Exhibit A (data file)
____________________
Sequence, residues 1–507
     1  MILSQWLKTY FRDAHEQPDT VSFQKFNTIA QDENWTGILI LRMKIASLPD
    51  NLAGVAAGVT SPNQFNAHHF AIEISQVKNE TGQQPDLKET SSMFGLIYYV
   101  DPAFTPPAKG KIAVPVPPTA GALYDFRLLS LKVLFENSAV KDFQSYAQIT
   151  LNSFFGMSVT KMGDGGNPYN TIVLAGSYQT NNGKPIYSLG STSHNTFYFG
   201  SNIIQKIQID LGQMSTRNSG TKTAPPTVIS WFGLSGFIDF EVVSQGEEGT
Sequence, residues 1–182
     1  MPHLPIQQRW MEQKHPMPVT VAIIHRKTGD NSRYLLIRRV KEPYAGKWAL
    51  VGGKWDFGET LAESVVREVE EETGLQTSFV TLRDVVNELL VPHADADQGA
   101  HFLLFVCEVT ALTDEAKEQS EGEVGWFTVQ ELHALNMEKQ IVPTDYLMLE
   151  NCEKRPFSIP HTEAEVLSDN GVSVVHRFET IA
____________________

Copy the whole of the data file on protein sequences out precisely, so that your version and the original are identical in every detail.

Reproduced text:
Sequence, residues 1–507
     1  MILSQWLKTY FRDAHEQPDT VSFQKFNTIA QDENWTGILI LRMKIASLPD
    51  NLAGVAAGVT SPNQFNAHHF AIEISQVKNE TGQQPDLKET SSMFGLIYYV
   101  DPAFTPPAKG KIAVPVPPTA GALYDFRLLS LKVLFENSAV KDFQSYAQIT
   151  LNSFFGMSVT KMGDGGNPYN TIVLAGSYQT NNGKPIYSLG STSHNTFYFG
   201  SNIIQKIQID LGQMSTRNSG TKTAPPTVIS WFGLSGFIDF EVVSQGEEGT
Sequence, residues 1–182
     1  MPHLPIQQRW MEQKHPMPVT VAIIHRKTGD NSRYLLIRRV KEPYAGKWAL
    51  VGGKWDFGET LAESVVREVE EETGLQTSFV TLRDVVNELL VPHADADQGA
   101  HFLLFVCEVT ALTDEAKEQS EGEVGWFTVQ ELHALNMEKQ IVPTDYLMLE
   151  NCEKRPFSIP HTEAEVLSDN GVSVVHRFET IA